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Yet is thy root sincere, sound as the rock,
So stands a kingdom, whose foundation yet
and semblance only of itself!
Thine arms have left thee. Winds have rent
Long since, and rovers of the forest wild.
But since, although well qualified by age
In my own ear such matter as I may.
One man alone, the father of us all, Drew not his life from woman; never gaz'd, With mute unconsciousness of what he saw, On all around him; learn'd not by degrees, Nor ow'd articulation to his ear; But, moulded by his Maker into man At once, upstood intelligent, survey'd All creatures, with precision understood Their purport, uses, properties, assign'd To each his name significant, and, fill'd With love and wisdom, render'd back to Heaven In praise harmonious the first air he drew. He was excus'd the penalties of dull Minority. No tutor charg d his hand With the thought-tracing quill, or task'd his mind With problems. History, not wanted yet, Lean'd on her elbow, watching Time, whose course, Eventful, should supply her with a theme.
OBSCUREST night involv'd the sky;
Wash'd headlong from on board,
No braver chief could Albion boast,
He lov'd them both, but both in vain, Nor him beheld, nor her again.
Not long beneath the whelming brine, Expert to swim, he lay :
Nor soon he felt his strength decline, Or courage die away;
But wag'd with death a lasting strife, Supported by despair of life.
He shouted; nor his friends had fail'd
That, pitiless, perforce,
They left their outcast mate behind,
Some succour yet they could afford;
The cask, the coop, the floated cord,
But he, they knew, nor ship nor shore, Whate'er they gave, should visit more.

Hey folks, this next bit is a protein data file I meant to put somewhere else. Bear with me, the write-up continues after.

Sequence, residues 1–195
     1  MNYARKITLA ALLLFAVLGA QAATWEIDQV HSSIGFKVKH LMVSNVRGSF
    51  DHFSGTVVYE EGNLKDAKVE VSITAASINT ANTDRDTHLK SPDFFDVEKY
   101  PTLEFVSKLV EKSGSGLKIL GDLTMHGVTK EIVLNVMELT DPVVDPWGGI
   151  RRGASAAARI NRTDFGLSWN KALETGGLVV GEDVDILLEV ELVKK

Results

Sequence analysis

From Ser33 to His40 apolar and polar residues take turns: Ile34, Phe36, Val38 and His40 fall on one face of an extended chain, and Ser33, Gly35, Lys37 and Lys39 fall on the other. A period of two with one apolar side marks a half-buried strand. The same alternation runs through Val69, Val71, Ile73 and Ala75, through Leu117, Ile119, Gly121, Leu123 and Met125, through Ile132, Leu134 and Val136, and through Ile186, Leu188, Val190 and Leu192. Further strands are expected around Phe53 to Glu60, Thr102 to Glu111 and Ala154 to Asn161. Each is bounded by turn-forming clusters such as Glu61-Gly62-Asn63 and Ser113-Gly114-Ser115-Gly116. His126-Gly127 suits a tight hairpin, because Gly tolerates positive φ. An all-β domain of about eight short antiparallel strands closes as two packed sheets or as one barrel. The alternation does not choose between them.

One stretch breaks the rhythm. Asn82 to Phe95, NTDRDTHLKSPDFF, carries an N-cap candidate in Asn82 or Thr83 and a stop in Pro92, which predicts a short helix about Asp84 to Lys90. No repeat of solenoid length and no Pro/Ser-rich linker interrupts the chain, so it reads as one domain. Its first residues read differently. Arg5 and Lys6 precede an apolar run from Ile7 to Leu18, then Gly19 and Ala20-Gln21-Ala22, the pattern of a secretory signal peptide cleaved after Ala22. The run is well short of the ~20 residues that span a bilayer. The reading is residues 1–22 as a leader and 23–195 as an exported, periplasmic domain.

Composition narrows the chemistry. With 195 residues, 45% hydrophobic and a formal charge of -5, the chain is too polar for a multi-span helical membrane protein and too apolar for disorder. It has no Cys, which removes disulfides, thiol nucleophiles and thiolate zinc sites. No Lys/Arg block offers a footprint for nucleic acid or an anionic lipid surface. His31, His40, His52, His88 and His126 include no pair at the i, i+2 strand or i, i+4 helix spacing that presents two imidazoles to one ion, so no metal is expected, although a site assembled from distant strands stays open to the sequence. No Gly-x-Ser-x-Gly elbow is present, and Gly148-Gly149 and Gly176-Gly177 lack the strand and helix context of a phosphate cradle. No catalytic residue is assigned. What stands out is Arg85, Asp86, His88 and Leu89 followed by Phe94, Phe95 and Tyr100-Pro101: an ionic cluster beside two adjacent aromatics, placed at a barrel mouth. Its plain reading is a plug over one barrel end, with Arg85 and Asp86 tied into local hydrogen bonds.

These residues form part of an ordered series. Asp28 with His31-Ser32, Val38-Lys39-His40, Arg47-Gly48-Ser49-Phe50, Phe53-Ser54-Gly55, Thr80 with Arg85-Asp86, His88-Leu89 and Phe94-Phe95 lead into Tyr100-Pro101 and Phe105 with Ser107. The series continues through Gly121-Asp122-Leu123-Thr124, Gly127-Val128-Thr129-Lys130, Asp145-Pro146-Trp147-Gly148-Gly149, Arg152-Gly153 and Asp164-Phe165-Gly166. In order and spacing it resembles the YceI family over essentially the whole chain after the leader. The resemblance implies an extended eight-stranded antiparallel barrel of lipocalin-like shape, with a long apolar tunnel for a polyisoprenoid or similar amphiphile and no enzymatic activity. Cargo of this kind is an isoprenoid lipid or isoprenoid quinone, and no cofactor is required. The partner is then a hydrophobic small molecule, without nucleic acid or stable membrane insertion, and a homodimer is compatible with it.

Nor, cruel as it seem'd, could he
Their haste himself condemn,
Alone could rescue them;
He long survives, who lives an hour In ocean, self-upheld:
And so long he, with unspent pow'r,
His destiny repell'd:
And ever as the minutes flew, Entreated help, or cried - "Adieu!"
At length, his transient respite past,
Could catch the sound no more. For then, by toil subdued, he drank The stifling wave, and then he sank.
No poet wept him; but the page
That tells his name, his worth, his age
And tears by bards or heroes shed
I therefore purpose not, or dream,
To give the melancholy theme
No voice divine the storm allay'd,
But I beneath a rougher sea,
JAMES BEATTIE, an admired poet and a moralist, was born about 1735, in the county of Kincardine, in Scotland. His father was a small farmer, who, though living in indigence, had imbibed so much of the spirit of his country, that he procured for his son a literary education, first at a parochial school, and then at the college of New Aberdeen, in which he entered as a bursar or exhibitioner. In the intervals of the sessions, James is supposed to have added to his scanty pittance by teaching at a country-school. Returning to Aberdeen, he obtained the situation of assistant to the master of the principal grammar-school, whose daughter he married. From youth he had cultivated a talent for poetry; and in 1760 he ventured to submit the fruit of his studies in this walk to the public, by a volume of "Original Poems and Translations." They were followed, in 1765, by " The Judgment of Paris;" and these performances, which displayed a familiarity with poetic diction, and harmony of versification, seem to have made him favourably known in his neighbourhood.